If someone is pushed or pushes themselves beyond reasonable limits to stay on top of the workload, the results often are physical and mental exhaustion. This translates to impaired judgment, slower reflexes in operating machinery or motor vehicles, a delayed response to emergency situations and inattention to details and instructions. An example of this is working your normal fulltime job of 8-12 hours then turning out to a callout that may require to you drive a tanker to an incident or deployment when you have not have had a sufficient rest period. You are now in that exhaustion zone where your body reflexes are affected, your response at a critical time could mean the difference between life and death. It is your decision alone that dictates whether you are fit to carry out your duties and this comes down to ‘being responsible for your own actions’.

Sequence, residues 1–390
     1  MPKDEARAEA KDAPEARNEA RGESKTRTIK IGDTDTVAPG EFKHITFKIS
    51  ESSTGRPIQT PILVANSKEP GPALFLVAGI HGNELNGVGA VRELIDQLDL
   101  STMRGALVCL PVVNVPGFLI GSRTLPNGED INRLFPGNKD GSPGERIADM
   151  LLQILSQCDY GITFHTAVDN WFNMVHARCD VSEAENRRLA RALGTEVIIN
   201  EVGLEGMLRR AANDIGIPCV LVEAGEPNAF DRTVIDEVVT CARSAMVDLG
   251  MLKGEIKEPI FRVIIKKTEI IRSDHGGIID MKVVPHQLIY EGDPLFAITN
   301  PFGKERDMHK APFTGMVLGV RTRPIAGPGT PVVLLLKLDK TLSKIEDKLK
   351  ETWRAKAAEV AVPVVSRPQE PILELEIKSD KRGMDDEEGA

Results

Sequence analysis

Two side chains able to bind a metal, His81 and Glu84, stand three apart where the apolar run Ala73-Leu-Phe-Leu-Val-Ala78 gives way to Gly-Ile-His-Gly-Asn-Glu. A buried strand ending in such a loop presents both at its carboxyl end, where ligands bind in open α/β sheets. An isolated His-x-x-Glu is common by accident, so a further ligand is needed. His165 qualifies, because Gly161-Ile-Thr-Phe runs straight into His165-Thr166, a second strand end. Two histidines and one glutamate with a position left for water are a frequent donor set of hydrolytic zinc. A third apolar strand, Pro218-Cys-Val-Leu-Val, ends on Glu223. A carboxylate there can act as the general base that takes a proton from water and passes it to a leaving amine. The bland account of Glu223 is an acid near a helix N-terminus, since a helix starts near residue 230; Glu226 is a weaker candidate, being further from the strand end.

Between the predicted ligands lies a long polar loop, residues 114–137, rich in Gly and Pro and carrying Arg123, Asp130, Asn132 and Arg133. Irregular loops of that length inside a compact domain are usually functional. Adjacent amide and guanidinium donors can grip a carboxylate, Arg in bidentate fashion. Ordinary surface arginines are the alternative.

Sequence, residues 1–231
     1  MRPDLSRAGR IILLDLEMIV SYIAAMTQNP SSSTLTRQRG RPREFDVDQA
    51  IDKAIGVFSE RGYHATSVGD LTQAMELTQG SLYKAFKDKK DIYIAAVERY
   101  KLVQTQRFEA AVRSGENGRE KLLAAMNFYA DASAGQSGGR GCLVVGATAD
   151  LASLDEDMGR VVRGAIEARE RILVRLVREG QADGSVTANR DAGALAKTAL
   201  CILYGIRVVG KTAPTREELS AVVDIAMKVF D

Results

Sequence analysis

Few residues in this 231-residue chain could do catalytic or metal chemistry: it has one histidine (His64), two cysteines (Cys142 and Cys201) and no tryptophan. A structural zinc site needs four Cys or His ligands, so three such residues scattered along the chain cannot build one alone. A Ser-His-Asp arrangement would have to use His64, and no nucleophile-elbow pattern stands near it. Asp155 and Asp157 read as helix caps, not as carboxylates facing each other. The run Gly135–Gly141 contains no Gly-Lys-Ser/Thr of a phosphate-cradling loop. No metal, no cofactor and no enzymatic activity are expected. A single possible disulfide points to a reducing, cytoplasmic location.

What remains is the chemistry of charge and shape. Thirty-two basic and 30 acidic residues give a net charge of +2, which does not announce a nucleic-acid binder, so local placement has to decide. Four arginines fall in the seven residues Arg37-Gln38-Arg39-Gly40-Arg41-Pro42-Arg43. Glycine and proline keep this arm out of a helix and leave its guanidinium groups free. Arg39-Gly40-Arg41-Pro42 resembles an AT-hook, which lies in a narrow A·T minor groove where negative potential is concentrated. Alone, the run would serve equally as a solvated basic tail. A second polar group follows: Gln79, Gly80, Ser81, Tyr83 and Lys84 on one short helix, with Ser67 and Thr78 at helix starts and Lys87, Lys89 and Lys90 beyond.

Stress is a natural human response to pressure when faced with challenging and sometimes dangerous situations. That pressure is not only about what’s happening around us, but also about demands we place on ourselves. There are many different ways to deal with stress, once you understand the causes. Don’t let stress hijack your life.
Learn the signs and causes of stress overload and what you can do to help yourself. Stress can come from any situation or thought that makes you feel frustrated, angry, nervous, or anxious.